Human cell culture business Axol Bioscience, headquartered in the Cambridge UK science & technology cluster, has raised £1 million crowdfunding capital.

The company set out to raise £600k on Cambridge equity platform SyndicateRoom but it was obvious from early backing that Axol would coast past the target.

Axol CEO, Dr Yichen Shi said the company was raising cash to dramatically accelerate revenue growth and international expansion, as well as to support further product development.

Life science serial entrepreneurs Dr Darrin Disley and Dr Jonathan Milner piled into the round.

Axol provides access to human cells and related materials (critical reagents) in order to help its customers quickly and effectively advance their research. The Nobel Prize winning IP behind the company will help reduce the need for animal testing, by producing highly validated human cells and critical reagents, such as media and growth supplements. Axol is already generating significant revenue, which is highly unusual for such a young biotech company.

Axol’s expertise includes reprogramming donor cells, such as skin or blood cells, into different cell types - including stem cells, nervous system and cardiovascular cell types.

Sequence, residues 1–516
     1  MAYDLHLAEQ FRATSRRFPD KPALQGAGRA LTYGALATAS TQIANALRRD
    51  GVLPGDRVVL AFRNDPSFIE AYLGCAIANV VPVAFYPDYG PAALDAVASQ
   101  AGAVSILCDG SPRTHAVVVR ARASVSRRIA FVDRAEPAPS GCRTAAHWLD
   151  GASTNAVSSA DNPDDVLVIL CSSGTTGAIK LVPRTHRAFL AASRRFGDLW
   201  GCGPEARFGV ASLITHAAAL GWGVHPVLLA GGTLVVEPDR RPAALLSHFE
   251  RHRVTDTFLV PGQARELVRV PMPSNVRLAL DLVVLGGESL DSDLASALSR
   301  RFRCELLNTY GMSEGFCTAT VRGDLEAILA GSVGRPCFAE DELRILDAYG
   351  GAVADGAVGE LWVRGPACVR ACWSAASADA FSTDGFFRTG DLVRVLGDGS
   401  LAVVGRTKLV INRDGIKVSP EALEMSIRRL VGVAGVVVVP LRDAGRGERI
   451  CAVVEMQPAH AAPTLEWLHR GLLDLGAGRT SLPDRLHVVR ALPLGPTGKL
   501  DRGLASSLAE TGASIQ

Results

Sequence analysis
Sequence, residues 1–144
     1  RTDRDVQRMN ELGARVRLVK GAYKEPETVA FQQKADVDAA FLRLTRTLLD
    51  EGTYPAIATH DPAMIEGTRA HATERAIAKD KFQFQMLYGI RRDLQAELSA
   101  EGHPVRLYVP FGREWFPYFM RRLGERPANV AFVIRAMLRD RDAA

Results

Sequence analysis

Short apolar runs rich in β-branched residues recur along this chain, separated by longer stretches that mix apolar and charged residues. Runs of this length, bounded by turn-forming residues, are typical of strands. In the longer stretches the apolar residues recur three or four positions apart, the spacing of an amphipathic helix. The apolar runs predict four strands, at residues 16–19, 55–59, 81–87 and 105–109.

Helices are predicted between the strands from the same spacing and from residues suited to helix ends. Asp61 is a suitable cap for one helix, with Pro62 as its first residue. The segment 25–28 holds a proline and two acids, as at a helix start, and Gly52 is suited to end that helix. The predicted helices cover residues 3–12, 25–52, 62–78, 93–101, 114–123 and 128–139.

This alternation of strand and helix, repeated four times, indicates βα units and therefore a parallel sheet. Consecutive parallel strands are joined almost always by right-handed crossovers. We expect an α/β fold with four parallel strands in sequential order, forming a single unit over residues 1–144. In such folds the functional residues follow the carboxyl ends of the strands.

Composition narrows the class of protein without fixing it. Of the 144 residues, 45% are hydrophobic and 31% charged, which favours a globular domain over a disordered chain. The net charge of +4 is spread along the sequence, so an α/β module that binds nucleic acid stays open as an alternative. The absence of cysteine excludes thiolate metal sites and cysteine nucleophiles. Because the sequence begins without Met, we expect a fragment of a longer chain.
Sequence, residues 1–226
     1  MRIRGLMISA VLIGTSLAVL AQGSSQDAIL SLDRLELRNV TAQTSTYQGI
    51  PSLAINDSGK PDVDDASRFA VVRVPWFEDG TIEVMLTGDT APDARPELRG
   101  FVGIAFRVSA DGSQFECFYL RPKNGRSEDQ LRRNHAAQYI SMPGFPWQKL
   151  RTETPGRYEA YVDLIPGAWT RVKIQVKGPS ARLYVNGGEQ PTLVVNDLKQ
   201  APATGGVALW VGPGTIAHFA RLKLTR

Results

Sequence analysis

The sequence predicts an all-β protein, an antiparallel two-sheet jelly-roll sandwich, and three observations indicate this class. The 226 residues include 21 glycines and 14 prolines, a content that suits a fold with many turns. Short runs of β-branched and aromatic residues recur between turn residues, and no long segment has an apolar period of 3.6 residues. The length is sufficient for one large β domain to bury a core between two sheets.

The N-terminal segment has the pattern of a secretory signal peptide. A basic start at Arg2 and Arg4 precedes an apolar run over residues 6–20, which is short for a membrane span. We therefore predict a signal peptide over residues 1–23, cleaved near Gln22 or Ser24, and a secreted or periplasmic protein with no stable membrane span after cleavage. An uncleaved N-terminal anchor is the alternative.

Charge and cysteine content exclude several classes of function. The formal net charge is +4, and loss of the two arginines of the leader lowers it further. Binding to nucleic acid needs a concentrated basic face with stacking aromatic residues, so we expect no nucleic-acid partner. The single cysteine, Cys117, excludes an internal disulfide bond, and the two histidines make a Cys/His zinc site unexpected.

These cell cultures are used to develop human cellular disease models for studying disease and drug mechanisms, such as the role of specific mutations, as well as being used to predict chemical toxicity during drug development.

Axol Bioscience has already secured a roster of clients that includes Janssen, Pfizer, Lilly and Nestle, along with Harvard University, Kings College London, the University of Oxford and Aston University.

Cell biology research is rapidly changing, with researchers requiring a constant supply of cell types and genetic backgrounds. This means that Axol's quick access to human cell types of specific genetic background is increasingly essential for R & D. The global cell-based market is predicted to be worth over $1.8 billion by 2020.

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